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He used to give groceries to police officers so they wouldn’t be tempted to ask for bribes.

With his motorbike, Mayor Duterte would usually drive around Davao City twice a week to ensure things are well managed. On these night patrols, he would check the precinct houses to make sure the cops were not sleeping and to see “who’s in the holding cells and why.”



According to a TIME Magazine article, Duterte reportedly made a policy of “doling out groceries to cops as a way of curbing their temptation to elicit bribes.” However, such kindness doesn’t await those who are caught in the act. When Duterte finds a cop drunk while on duty, for example, “he personally doles out a thrashing.”



He is a "closet bookworm."

He particularly loves spy novels by famous authors Robert Ludlum and Sidney Sheldon. The tough-talking politician also has an appetite for history books, specifically those about Mindanao history.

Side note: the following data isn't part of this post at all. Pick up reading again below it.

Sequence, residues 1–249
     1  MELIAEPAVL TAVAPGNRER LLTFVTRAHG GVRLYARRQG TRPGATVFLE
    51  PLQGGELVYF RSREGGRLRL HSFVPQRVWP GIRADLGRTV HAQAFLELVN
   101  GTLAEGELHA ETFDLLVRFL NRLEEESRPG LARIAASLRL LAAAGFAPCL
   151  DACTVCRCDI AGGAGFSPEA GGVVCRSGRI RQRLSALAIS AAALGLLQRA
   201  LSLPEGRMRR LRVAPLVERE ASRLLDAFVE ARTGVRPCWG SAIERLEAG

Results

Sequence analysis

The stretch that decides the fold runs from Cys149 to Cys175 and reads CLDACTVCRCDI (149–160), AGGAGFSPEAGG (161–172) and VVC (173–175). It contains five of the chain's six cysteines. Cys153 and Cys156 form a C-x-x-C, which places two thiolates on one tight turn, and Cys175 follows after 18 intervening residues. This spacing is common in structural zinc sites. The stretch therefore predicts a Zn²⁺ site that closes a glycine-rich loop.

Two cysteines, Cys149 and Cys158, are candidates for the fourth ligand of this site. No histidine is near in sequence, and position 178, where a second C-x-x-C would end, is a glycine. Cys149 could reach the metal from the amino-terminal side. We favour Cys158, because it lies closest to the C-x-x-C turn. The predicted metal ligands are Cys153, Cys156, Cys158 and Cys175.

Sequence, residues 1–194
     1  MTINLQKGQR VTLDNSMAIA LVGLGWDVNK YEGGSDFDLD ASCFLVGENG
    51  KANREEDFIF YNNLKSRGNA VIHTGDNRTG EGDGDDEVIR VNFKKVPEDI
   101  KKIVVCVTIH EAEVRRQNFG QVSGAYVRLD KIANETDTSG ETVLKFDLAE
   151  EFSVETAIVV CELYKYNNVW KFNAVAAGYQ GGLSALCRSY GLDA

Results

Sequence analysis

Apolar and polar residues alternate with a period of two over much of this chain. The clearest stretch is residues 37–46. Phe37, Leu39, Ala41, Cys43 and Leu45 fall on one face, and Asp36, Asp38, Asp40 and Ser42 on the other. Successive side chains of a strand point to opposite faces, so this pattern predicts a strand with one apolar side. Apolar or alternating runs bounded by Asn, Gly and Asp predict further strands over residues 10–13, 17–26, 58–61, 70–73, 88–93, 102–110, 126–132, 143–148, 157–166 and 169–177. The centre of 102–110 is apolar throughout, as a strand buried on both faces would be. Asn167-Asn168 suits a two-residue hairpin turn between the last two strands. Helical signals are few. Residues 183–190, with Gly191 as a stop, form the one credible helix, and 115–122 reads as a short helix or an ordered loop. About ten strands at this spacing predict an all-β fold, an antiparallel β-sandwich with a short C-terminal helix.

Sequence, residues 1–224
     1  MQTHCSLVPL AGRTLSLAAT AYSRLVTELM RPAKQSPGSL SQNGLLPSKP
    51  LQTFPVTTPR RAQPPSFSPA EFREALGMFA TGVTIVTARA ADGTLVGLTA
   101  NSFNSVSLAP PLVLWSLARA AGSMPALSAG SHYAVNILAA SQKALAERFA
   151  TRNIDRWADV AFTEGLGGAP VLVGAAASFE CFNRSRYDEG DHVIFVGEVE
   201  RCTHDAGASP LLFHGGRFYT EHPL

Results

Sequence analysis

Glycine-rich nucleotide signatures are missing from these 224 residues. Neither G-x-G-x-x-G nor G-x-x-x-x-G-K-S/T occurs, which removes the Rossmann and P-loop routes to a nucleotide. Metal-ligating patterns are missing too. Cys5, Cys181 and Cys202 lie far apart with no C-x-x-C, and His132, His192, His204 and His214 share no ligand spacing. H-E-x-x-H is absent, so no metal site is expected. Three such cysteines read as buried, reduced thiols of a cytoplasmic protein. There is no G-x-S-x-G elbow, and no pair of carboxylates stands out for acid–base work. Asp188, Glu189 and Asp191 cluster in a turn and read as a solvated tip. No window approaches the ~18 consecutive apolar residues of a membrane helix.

Of course, one can’t be a strategic leader if you limit your reading list to trivial topics. According to his close friends, Duterte has read books ranging from biographies of influential world leaders (like Napoleon Bonaparte and Lee Kwan Yew) to in-depth references on economics, food security, and politics, among others.



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He turned down several awards.

In April 2014, Mayor Duterte was nominated for the “World Mayor” award which is given every two years by The City Mayors Foundation to outstanding leaders who serve their communities well. However, Duterte politely refused the nod, saying “I did it not for my own glory, but because that was what the people expected me to do.”



It was not the first time that Duterte declined an award though. In the past, he refused to accept awards for Davao City, including the one given by the American Cancer Society and the 2010 anti-smoking award in Singapore.



Read the full article, "23 Things You Didn’t Know About President Rodrigo Duterte" on Filipiknow.net. Minor edits were made by the SPOT.ph editors.


Photos from Rotary Club of Cebu (Ramon Duterte); Mindanao Times (Soledad Roa Duterte); Davao Breaking News (motorbike); and PEP.ph